Cruising is a 1980 psychological thriller film directed by William Friedkin and starring Al Pacino. The film is loosely based on the novel of the same name, by New York Times reporter Gerald Walker, about a serial killer targeting gay men, in particular those associated with the S&M scene.
Poorly reviewed by critics, Cruising was a modest financial success, though the filming and promotion were dogged by gay rights protesters. The title is a play on words with a dual meaning, as "cruising" can describe police officers on patrol and also cruising for sex.
In New York City during the middle of a hot summer, body parts of men are showing up in the Hudson River. The police suspect it to be the work of a serial killer who is picking up homosexual men at West Village bars like the Eagle's Nest, the Ramrod, and the Cock Pit, then taking them to cheap rooming houses or motels, tying them up and stabbing them to death.
Officer Steve Burns (Al Pacino), who resembles the victims, is sent deep undercover into the urban world of gay S&M and leather bars in the Meatpacking District in order to track down the killer. He rents an apartment in the area and befriends a neighbor, Ted Bailey (Don Scardino) a struggling young gay playwright. Burns's undercover work takes a toll on his relationship with his girlfriend Nancy (Karen Allen), due to both his refusal to tell her the details of his current assignment and Burns building a close friendship with Ted, who himself is having relationship issues with his jealous and overbearing dancer boyfriend Gregory (James Remar).
Burns mistakenly compels the police to interrogate a waiter, Skip Lee (Jay Acovone), who is intimidated and beaten to coerce a confession before police discover Skip's fingerprints don't match the killer's. Burns is disturbed by this police brutality, and comes to believe that the police are motivated by homophobia. Outraged, and exhausted by his undercover assignment, he almost quits his job. However, Burns is convinced by his boss (Paul Sorvino) to continue with the investigation.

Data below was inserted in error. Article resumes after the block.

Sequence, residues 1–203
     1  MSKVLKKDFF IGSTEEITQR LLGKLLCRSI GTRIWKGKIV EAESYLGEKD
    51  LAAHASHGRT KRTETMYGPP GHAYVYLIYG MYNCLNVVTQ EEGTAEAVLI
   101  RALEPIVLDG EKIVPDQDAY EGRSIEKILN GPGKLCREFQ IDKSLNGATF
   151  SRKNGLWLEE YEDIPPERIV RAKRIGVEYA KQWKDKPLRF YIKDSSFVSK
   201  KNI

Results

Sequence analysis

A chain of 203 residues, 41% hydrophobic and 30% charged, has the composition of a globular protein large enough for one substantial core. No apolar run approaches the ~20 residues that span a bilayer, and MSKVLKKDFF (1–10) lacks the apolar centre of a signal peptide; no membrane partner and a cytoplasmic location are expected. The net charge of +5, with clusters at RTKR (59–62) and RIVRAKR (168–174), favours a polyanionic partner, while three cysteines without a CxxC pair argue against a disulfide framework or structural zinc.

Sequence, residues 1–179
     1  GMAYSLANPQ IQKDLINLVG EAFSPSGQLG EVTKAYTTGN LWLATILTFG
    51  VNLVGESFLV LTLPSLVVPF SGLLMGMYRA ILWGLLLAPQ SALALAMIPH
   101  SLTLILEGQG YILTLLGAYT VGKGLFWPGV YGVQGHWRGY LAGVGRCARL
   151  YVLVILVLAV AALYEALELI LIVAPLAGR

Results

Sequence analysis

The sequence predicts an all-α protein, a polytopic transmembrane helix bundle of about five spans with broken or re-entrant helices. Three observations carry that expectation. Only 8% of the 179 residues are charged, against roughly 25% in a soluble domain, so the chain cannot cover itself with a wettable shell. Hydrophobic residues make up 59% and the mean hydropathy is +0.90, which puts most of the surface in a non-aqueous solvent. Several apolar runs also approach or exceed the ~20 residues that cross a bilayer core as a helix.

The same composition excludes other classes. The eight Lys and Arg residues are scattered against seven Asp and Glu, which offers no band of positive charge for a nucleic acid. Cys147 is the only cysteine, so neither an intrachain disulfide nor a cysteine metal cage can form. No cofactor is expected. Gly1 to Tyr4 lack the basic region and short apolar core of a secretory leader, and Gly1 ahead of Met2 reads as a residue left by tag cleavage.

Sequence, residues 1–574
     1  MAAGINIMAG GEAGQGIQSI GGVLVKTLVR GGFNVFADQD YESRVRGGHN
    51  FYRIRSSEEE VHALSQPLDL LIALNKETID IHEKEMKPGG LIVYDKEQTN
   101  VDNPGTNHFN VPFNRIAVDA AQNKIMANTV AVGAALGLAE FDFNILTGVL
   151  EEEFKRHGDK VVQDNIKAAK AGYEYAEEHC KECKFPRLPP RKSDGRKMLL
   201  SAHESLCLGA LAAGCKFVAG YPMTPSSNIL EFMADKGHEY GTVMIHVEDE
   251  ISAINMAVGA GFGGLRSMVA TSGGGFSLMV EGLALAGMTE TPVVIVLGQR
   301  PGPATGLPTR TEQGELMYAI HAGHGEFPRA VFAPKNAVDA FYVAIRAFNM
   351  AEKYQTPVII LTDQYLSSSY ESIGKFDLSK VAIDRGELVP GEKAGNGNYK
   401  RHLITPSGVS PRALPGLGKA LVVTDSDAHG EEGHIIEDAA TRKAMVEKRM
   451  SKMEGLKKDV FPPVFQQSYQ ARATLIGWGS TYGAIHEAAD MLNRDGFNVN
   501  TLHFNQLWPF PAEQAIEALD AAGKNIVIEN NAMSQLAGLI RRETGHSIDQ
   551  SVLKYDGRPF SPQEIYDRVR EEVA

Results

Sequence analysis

Following a new lead, Burns investigates Columbia University students who studied with one of the previous victims, a college professor. At the film's conclusion, Burns thinks that he has found the serial killer, a gay music student who attacks him with a knife in Morningside Park. Burns brings the man into custody, but shortly afterward Ted's mutilated body is found. The police dismiss the murder as a lover's quarrel turned violent and put out an arrest warrant for Gregory, whom Ted had earlier described to Steve as controlling and possessive.
With the police under the impression that the murders have been solved, Burns moves back in with Nancy. In an ambiguous finale, Burns begins shaving his beard in the bathroom while Nancy secretly inspects clothes that he left on a chair: a leather peaked cap, aviator frames, and a leather jacket that all look very similar to the outfit the killer wore. Burns, meanwhile, wipes off his shaving cream and looks directly at the camera.
- Al Pacino – Steve Burns
- Paul Sorvino – Captain Edelson
- Karen Allen – Nancy Gates
- Richard Cox – Stuart Richards
- Don Scardino – Ted Bailey
- Joe Spinell – Patrolman DiSimone
- Jay Acovone – Skip Lee
- Randy Jurgensen – Det. Lefransky
- Barton Heyman – Dr. Rifkin
- Gene Davis – DaVinci
- Arnaldo Santana – Loren Lukas
- Larry Atlas – Eric Rossman
- Allan Miller – Chief of Detectives
- Sonny Grosso – Detective Blasio
- Ed O'Neill – Detective Schreiber (as Edward O'Neil)
- Michael Aronin – Detective Davis
- James Remar – Gregory
- William Russ – Paul Gaines
- Mike Starr – Patrolman Desher
- Steve Inwood – Martino
- Keith Prentice – Joey
- Leland Starnes – Jack Richards
- Robert Pope – DaVinci's friend
- Leo Burmester – Water Sport
- Bruce Levine – Dancer
- Charles Dunlap – Three Card Monte
- Powers Boothe – Hankie salesman
- James Sutorius – Jack (voice)
- Richard Jamieson – Spotter
- Jimmie Ray Weeks – Seller (as James Ray Weeks)
- David Winnie Hayes – Bouncer
- Carmine Stippo – Bartender
- James Hayden – Cockpit Coke man
- Todd Winters – Tugboat Mate